Researchers from the University of Birmingham have developed a new 3D printing method for soft materials which could enable the manufacture of artificial medical implants.
Known as Suspended Layer Additive Manufacturing (SLAM), this technique uses a polymer-based hydrogel containing particles for a self-healing gel. Liquids or gels can be injected into this medium to build 3D forms.
“The hydrogel we have designed has some really intriguing properties that allow us to print soft materials in really fine detail,” explains Professor Liam Grover, leader of the study published in Advanced Functional Materials.
“It has huge potential for making replacement biomaterials such as heart valves or blood vessels, or for producing biocompatible plugs, that can be used to treat bone and cartilage damage.”
SLAM 3D bioprinting
The team developed SLAM as an alternative to Freeform Reversible Embedding of Suspended Hydrogels (FRESH), which uses gels to form a slurry bath into which the printed material is injected. According to the University of Birmingham scientists, this method can result in frictions within the gel medium which can distort the printing process.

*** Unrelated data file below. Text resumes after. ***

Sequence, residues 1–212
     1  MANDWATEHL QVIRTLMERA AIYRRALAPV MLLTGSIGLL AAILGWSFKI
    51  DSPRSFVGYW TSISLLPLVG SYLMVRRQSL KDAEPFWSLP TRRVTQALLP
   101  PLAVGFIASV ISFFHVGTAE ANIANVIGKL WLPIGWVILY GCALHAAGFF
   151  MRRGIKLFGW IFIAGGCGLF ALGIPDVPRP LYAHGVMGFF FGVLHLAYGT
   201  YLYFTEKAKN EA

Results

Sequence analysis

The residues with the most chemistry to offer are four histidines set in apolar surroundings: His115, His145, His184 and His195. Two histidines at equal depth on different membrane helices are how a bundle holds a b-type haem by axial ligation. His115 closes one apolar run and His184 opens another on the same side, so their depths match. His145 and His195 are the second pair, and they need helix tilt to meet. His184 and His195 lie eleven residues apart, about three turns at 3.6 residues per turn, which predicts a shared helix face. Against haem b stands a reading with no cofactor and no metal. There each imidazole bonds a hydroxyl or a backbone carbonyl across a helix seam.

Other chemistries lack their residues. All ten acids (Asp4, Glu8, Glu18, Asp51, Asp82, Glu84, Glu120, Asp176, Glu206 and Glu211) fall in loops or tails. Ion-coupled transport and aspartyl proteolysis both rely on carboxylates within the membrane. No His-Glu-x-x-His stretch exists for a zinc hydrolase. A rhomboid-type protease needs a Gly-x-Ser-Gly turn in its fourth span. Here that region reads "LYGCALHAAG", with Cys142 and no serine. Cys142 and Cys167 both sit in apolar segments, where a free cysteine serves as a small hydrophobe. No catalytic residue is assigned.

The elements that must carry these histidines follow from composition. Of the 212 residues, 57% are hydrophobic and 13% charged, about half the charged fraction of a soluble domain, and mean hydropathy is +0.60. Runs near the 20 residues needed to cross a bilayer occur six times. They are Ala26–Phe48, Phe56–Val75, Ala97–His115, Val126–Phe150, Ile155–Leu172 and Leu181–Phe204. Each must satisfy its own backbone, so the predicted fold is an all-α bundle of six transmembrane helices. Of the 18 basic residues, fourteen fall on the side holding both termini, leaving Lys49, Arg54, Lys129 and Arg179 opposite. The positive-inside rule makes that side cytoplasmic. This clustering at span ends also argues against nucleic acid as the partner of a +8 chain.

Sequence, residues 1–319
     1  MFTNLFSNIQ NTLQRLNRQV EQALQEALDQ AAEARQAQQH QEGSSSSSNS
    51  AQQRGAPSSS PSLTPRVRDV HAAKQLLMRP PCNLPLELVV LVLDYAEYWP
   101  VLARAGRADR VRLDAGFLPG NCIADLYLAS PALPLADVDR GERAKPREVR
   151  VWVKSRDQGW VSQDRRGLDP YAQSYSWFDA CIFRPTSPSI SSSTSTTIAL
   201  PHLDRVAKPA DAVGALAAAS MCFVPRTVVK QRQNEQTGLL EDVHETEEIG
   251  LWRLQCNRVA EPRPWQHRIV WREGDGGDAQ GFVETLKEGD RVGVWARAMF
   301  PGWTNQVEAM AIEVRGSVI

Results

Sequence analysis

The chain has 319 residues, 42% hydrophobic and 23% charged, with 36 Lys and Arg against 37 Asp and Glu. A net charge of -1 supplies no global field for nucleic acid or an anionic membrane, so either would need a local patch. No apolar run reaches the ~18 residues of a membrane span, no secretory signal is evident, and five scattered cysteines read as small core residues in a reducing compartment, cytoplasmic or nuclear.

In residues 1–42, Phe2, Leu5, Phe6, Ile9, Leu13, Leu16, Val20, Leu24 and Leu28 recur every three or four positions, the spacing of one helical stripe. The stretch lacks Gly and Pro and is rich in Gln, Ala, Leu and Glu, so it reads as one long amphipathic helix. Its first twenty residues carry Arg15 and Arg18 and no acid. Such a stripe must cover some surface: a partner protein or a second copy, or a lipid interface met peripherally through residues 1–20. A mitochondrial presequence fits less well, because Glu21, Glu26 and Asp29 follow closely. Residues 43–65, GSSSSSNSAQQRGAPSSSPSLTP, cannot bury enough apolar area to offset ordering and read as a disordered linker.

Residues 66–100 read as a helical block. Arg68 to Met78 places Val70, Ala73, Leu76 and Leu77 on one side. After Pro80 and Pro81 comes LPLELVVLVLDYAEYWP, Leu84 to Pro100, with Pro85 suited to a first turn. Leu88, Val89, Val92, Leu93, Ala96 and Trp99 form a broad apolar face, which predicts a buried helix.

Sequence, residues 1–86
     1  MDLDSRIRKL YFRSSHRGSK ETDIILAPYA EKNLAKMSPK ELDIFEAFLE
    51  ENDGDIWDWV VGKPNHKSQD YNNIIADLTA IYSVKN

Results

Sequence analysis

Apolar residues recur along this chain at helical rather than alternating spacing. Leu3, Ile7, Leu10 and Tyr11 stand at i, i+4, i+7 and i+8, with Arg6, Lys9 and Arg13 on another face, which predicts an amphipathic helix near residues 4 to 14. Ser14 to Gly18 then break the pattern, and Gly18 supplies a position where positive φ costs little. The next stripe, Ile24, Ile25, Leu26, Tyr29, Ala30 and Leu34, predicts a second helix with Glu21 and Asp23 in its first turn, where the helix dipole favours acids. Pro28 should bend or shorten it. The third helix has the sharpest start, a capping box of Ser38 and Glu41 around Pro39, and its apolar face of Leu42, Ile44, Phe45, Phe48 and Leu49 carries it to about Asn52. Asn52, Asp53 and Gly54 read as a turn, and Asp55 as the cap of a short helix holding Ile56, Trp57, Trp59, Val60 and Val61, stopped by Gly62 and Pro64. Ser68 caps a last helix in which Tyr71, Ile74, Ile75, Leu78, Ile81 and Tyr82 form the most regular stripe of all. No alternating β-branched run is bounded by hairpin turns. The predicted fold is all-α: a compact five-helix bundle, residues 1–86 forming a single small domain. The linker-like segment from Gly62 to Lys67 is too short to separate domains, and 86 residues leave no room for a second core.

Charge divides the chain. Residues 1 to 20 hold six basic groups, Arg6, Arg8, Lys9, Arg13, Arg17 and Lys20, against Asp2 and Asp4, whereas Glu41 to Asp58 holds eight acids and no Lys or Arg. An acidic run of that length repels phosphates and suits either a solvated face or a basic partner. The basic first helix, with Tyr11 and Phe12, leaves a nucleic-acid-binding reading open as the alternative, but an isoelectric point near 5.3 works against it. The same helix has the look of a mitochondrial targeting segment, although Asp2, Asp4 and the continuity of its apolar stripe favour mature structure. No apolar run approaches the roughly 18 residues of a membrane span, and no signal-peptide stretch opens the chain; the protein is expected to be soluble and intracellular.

SLAM uses low viscosity biopolymers into a self‐healing fluid‐gel matrix. Such fluid gels are formed upon the introduction of shear stress during the sol–gel transition to produce a network of entangled gel microparticles. This differs from the idle ‘bulk’ gels used in FRESH which form polymer networks in the absence of shear.
With this process, the researchers aimed to demonstrate how particles in the gel can be sheared, or twisted “so they separate, but still retain some connection between them,” as stated in the study. This interaction creates the self-healing effect, allowing the gel to support the printed material for objects with precise detail, and no leaking or sagging.
Soft materials and additive manufacturing
3D printing soft materials have been seen as a big challenge for scientists as they require support to avoid sagging. Through SLAM tests, the team found that the agarose support bath allows for further methods of crosslinking, which includes collagen formulations.
The researchers highlight this as an advantage in regenerative medicine. “The method enabled the successful fabrication of bulk, intricate, dual-phase, and phase‐encapsulated hydrogels from a variety of biopolymer materials that are currently widely investigated in regenerative medicine.”
“Overall, SLAM is a promising technique for producing delicate soft tissues, complex soft tissue structures, and interfaced tissues.”
“Fabrication of Complex Hydrogel Structures Using Suspended Layer Additive Manufacturing (SLAM)” is co-authored by Jessica J. Senior, Megan E. Cooke, Liam M. Grover, and Alan M. Smith.
Searching for new talent or seeking a career change? Search and post 3D Printing Jobs for opportunities and new talent across engineering, marketing, sales and more.
Featured image shows a 3D print scaffold created using the SLAM method. Photo via the University of Birmingham.